Did you hear? Kim Kardashian tattooed her face. And not just her own — her eight-year-old daughter’s, too. But before the moralizing starts, it should be noted that these tattoos were only temporary.
Temporary tattoos have been given a serious upgrade from the flaky transfers many adults will remember from their childhood. Inkbox’s “semi-permanent” tattoos last for one to two weeks, and use an ink that soaks into the skin rather than sitting on top of it, while Tattly lets people come up with their own designs (its application is more like that of a traditional temporary tattoo). Then there’s the most permanent temporary tattoo brand of them all: Ephemeral. The brand opened its first studio in Brooklyn this year and recently raised $20 million. Tattooing their customers with an ink that lasts for around one year, artists apply the designs in exactly the same way as a permanent tattoo.
To apply a tattoo from Inkbox, which has raised $13.5 million in funding since it was founded in 2015, customers simply place the tattoo sticker on their arm, and allow it to soak in for one hour. The immediate result is a blue-green, slightly fuzzy tattoo — which develops into a darker, crisper drawing over 24 hours.
According to the brand, the ink soaks into the top layer of the skin, which is why it lasts longer than a regular temporary tattoo.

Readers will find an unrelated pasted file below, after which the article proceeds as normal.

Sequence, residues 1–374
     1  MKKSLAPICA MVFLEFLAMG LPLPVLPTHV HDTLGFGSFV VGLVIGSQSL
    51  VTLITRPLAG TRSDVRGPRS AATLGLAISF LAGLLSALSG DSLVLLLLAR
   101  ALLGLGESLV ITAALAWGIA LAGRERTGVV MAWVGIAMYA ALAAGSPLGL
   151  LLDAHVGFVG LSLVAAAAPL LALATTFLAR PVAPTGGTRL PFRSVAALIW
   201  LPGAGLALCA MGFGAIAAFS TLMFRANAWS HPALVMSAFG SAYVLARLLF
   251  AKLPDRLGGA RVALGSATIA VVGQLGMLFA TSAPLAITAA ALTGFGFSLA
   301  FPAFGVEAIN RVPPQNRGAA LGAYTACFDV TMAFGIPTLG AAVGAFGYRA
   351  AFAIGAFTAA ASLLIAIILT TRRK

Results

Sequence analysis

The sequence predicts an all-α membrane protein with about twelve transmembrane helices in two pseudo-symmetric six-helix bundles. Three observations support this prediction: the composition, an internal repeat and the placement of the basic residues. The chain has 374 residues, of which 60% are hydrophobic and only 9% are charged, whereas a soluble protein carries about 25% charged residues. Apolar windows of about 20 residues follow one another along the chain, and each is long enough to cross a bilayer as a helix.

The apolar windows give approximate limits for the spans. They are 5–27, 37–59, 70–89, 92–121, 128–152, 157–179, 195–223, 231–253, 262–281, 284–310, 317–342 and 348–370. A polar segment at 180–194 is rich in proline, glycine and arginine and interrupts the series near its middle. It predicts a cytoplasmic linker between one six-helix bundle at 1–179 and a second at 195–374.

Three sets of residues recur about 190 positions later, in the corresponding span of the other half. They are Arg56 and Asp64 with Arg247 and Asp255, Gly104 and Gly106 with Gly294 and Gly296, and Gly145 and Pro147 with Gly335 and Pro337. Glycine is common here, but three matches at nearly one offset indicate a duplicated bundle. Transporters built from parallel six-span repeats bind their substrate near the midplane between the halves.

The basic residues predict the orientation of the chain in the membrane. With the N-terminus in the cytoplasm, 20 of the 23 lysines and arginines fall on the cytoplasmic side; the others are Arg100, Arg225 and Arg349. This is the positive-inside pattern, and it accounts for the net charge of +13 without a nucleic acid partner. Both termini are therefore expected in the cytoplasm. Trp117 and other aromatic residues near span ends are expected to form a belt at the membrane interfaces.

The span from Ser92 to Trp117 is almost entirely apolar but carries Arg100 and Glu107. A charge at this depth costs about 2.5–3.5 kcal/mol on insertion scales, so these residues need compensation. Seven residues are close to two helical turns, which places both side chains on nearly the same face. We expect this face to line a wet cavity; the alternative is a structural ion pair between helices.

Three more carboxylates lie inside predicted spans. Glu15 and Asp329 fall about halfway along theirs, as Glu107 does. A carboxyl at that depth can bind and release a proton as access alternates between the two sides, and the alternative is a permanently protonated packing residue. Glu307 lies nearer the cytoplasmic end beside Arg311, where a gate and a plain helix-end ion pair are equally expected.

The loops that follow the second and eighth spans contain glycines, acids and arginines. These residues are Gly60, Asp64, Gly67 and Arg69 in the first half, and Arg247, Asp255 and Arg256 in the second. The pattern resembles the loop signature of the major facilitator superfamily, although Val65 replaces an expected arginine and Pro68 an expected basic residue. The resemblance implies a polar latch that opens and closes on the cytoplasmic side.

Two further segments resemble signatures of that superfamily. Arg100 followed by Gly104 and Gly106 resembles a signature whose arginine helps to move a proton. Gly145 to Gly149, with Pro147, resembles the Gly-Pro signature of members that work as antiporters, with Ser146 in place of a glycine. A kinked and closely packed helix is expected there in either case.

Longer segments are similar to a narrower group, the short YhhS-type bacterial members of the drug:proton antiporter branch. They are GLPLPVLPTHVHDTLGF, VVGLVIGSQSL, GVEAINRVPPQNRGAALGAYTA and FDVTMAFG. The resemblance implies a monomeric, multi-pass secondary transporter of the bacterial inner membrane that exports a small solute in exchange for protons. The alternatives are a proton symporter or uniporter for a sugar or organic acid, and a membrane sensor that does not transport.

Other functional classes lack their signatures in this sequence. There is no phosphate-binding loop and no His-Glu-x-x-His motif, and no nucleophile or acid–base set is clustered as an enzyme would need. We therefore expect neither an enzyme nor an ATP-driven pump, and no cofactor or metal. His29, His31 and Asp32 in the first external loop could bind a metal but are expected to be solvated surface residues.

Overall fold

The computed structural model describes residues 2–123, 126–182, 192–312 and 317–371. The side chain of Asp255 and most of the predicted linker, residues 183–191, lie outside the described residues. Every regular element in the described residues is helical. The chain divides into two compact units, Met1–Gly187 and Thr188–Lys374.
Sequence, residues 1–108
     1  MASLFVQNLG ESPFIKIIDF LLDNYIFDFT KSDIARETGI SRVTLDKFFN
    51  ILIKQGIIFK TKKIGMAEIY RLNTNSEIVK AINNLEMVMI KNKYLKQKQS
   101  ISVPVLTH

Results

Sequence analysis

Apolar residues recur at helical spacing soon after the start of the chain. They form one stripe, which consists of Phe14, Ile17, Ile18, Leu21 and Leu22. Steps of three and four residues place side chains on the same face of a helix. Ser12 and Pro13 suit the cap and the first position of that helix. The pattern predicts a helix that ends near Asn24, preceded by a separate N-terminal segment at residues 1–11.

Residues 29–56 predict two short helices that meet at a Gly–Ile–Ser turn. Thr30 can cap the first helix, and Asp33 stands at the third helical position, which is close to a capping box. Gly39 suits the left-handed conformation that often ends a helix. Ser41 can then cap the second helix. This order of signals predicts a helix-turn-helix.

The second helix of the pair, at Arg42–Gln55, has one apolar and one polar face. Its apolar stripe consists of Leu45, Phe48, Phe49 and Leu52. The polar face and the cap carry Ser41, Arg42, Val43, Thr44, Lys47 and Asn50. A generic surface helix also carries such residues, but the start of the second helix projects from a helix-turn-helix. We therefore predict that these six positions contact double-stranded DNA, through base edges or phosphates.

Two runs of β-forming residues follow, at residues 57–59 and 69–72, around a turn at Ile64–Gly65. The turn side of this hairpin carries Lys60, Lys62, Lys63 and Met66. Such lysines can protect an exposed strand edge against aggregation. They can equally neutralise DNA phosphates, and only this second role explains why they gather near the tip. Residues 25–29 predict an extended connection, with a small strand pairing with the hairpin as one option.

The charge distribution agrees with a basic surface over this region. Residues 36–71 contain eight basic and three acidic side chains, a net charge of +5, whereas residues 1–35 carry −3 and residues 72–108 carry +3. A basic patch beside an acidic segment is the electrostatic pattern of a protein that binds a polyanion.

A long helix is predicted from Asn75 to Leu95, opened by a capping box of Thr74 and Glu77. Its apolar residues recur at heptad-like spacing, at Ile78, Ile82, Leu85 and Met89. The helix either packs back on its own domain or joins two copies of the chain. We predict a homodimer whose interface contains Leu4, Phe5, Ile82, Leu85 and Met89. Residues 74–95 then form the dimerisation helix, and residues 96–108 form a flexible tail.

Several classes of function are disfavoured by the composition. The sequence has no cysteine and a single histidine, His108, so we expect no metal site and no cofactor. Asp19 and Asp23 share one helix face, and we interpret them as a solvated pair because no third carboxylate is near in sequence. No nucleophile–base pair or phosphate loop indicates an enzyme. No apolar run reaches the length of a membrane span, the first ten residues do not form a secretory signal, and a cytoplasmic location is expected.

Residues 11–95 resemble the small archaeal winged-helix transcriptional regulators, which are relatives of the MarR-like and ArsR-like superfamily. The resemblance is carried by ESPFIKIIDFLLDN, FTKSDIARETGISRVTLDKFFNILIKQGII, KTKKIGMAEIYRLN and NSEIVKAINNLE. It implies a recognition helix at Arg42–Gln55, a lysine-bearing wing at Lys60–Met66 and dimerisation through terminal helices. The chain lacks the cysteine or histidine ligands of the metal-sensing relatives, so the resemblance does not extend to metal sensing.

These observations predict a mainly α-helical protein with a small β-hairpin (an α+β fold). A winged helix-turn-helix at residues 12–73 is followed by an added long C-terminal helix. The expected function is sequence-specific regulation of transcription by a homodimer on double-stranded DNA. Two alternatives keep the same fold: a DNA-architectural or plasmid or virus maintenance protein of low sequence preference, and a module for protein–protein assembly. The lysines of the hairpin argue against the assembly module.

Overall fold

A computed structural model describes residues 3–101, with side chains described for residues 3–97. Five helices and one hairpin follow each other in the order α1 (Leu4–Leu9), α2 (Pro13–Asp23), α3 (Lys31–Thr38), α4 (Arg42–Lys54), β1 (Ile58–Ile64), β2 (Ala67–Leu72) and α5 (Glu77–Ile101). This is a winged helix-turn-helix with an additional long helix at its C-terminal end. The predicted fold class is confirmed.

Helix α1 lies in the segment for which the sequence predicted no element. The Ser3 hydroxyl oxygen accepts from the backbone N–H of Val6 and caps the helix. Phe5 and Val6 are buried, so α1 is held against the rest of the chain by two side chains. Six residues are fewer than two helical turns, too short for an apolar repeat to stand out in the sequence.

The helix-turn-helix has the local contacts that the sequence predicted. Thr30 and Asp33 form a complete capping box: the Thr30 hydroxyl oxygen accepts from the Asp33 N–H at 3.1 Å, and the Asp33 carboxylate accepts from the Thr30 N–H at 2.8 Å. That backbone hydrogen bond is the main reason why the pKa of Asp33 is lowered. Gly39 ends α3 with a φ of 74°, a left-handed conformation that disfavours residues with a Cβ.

Ephemeral, meanwhile, spent six years researching and developing the ink it uses for its made-to-fade tattoos. The ink is inserted into the skin like a regular tattoo. But unlike permanent ink, Ephemeral’s will break down over time, until the ink eventually disappears altogether.
“The thing that makes permanent tattoos permanent is your body’s inability to break down the dye,” explains Ephemeral’s CEO, Jeff Liu. “Traditional tattoo ink clumps together. [It’s] too large to be removed, your body ‘walls off’ the area, and the ink stays for life. In contrast, Ephemeral tattoo ink particles break down over time and become small enough to be removed by the body.”
Ephemeral’s tattoos take four to six weeks to heal, similar to a regular tattoo.
When it comes to “made-to-fade” tattoos, there are mixed feelings among the tattoo artist community.
Some have voiced concerns that the likes of Inbox and Ephemeral — which come with a slew of venture capitalists in tow — will corporatize the industry, and make it more difficult for young, unknown artists to make a name for themselves.
The companies say they provide artists with a new revenue stream: Inkbox pays the artists on its platform a 5% royalty each time one of their designs is sold, while Ephemeral says its 20 tattoo artists each have a stake in the business.
Meanwhile, a temporary tattoo gives artists — and customers — room to experiment with designs. A tattoo artist that is skeptical about how good a complex, fine-line design might look in a few decades' time may feel more comfortable knowing that the temporary ink won’t be put to quite the same test.
“We’ve found that made-to-fade can push the creative limits of artists,” Liu says, adding that because Ephemeral’s tattoos require less commitment, it expands “the number of canvases with which artists can work.”